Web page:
Riverside campsite is a permit-only area some 20km from Apsley Falls, but getting there entails a drive back to Walcha to cross the Apsley River. A narrow but well-maintained gravel road runs through dense forest for several kilometres before reaching the locked gate after which it becomes a narrow track (rough in places) that drops very steeply to the valley floor 800m below. With steep pinches, switchbacks and few places to pass with plenty of oncoming traffic, it is easy to see why camper trailers are not permitted. Most of this slow descent was tackled with the auto in low-range first gear, allowing the engine compression rather than our brake pads to fight gravity on the steep track.

Riverside can only be described as one of the nicest campsites you could hope for. With his and hers facilities, gas barbecues, picnic tables and a large mowed grass area protected by heavy bollards, it was perfectly maintained despite its remote location. Hidden behind a line of trees just a few metres from the grassed area is a postcard-perfect stretch of the Apsley River with its inviting crystal-clear water. While a pleasant destination for a day drive, Riverside is a place that will ensure you throw a tent in the camper to enable an overnight stay on your next trip.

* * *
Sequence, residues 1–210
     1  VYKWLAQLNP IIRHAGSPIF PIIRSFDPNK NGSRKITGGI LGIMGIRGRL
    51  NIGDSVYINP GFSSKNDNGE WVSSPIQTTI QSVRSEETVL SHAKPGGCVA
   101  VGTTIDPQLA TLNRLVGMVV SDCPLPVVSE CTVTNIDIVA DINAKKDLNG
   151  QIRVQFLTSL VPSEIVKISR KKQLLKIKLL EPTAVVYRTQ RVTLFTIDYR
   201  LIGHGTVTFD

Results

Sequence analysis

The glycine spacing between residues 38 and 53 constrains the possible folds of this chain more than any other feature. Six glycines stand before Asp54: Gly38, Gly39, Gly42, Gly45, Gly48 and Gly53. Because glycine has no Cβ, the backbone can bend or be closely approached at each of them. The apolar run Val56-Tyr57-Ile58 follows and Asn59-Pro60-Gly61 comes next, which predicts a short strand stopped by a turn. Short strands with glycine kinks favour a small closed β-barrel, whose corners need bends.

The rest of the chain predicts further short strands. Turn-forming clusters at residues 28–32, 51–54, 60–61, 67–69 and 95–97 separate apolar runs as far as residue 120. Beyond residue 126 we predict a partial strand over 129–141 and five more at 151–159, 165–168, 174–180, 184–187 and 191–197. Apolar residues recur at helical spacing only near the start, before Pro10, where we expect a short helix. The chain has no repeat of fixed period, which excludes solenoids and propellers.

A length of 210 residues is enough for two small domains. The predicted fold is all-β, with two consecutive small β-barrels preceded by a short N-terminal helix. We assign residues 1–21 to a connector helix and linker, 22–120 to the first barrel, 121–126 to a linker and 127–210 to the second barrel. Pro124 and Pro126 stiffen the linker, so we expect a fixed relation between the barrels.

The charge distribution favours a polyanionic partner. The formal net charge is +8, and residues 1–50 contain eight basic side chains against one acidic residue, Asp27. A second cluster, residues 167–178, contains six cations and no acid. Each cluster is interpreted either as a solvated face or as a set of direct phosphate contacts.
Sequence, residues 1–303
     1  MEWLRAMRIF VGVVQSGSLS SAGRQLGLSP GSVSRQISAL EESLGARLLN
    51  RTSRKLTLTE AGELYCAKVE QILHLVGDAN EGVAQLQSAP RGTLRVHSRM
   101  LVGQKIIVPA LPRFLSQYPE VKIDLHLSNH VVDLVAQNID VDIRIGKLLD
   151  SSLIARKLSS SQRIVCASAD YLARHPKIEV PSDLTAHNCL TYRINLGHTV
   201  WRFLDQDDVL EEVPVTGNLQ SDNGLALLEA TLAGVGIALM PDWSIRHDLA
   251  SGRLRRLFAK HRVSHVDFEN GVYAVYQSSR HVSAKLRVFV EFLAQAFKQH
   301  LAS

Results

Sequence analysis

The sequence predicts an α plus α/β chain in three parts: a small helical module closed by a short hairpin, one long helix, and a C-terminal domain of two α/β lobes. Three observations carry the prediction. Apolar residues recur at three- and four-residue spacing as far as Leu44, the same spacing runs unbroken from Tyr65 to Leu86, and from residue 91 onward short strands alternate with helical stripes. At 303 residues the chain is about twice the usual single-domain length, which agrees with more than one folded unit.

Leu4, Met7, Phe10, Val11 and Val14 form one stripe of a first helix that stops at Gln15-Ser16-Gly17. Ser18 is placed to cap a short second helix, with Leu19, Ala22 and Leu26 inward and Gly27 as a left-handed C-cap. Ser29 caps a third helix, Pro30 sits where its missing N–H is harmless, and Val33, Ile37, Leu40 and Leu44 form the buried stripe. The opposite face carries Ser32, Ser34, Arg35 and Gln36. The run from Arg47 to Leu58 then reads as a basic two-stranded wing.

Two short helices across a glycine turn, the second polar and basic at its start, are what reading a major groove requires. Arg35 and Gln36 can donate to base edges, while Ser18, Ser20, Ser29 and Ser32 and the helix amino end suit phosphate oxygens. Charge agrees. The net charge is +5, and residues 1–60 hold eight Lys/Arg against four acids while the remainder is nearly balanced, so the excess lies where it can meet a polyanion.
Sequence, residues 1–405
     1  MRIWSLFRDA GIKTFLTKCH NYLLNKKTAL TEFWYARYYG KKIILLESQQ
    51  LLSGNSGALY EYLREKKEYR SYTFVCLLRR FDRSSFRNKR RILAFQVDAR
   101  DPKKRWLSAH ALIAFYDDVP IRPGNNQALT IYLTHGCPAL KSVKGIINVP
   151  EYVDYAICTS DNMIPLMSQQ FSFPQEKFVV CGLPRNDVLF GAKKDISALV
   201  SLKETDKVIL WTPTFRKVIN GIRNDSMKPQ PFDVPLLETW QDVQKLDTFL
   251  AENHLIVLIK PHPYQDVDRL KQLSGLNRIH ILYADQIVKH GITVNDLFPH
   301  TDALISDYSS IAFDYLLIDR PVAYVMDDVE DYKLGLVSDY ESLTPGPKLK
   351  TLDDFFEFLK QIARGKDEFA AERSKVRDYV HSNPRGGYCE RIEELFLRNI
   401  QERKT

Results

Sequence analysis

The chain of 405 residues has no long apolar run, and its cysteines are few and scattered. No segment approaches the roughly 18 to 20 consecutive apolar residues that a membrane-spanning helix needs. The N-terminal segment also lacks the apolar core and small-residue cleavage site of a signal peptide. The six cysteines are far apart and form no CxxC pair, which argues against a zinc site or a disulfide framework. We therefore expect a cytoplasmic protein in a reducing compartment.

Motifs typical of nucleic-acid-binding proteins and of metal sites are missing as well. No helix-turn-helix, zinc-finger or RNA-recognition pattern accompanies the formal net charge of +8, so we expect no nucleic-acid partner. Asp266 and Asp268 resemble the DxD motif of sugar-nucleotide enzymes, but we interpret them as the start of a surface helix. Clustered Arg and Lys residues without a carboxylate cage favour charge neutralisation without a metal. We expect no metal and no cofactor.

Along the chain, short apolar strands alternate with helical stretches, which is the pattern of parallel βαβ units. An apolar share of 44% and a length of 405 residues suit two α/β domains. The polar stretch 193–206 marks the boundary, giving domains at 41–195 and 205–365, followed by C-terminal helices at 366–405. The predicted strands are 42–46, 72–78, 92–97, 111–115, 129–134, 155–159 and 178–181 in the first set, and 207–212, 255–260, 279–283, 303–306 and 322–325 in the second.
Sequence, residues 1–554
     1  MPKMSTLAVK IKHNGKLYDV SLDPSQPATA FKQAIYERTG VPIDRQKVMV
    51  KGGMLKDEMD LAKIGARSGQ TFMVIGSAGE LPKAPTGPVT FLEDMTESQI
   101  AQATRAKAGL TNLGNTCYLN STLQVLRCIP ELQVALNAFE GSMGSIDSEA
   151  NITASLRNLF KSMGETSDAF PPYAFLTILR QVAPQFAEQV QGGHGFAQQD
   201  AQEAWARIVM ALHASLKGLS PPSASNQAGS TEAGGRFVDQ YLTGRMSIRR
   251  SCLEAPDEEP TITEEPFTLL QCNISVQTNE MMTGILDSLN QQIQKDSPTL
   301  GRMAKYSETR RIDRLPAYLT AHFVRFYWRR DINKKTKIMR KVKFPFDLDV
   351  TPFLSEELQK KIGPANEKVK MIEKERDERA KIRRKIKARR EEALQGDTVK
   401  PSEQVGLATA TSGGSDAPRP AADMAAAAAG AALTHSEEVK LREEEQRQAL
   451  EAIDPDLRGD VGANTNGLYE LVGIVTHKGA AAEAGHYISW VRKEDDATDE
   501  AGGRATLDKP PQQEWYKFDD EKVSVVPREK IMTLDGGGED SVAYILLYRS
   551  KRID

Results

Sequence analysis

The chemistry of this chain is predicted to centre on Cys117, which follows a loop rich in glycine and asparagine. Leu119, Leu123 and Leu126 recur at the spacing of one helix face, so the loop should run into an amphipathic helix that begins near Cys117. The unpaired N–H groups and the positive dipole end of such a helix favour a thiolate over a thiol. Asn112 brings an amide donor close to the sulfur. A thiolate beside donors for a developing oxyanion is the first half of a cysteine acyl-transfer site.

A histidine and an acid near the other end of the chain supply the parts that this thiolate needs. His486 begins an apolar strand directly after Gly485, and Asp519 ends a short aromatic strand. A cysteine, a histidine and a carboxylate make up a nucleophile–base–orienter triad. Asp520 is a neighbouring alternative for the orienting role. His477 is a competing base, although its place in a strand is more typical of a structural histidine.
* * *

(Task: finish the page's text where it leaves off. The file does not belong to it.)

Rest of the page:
Youdales Hut (pictured) was restored in the 1990s, some 90 years after it was built. The lease of the land on which it stands was originally won in a lottery.

Leaving Riveside it is worth a stop at Budds Mare campground located on a high ridge near the Park entrance. The three campsites here are easily accessible with a camper, and a nearby lookout has commanding views over the rugged ranges to the east. NSW’s Surveyor General, John Oxley, stood here in 1818 during his efforts to find a path across the ranges to the coast beyond.

Taking in that same view today it is easy to see Oxley’s problem, as the deep valleys that crisscross the area largely run north south, presenting a seemingly impenetrable barrier to any easterly route. Oxley eventually crossed the Great Dividing Range at Apsley Falls before following the Hastings River to the coast at what is present-day Port Macquarie.

Another restricted access site is Youdales Hut, some 75km south-east of Apsley Falls. Half the journey is on bitumen, with the balance on good gravel forest tracks which slowly degrade the deeper you travel into the forest. Like Riverside, the final few kilometres into Youdales involved a very steep drop of about 800m down a narrow track. Youdales Hut was built in the early 1900s and restored after lying abandoned for many years. Set in a large, grassy clearing with an adjoining grassed and shady camping area, the hut backs onto a shallow river with water that is as clear as glass.


Youdales won the lease of the land here in a lottery; although, considering the remoteness and difficulty of access in a time before roads were cut into the valley, you would have to wonder if it was first prize. Youdales was certainly a man with a long-term view. To overcome the problem of termites eating his stockyard timbers, he planted gum trees as living posts – a plan that would have taken years to realise.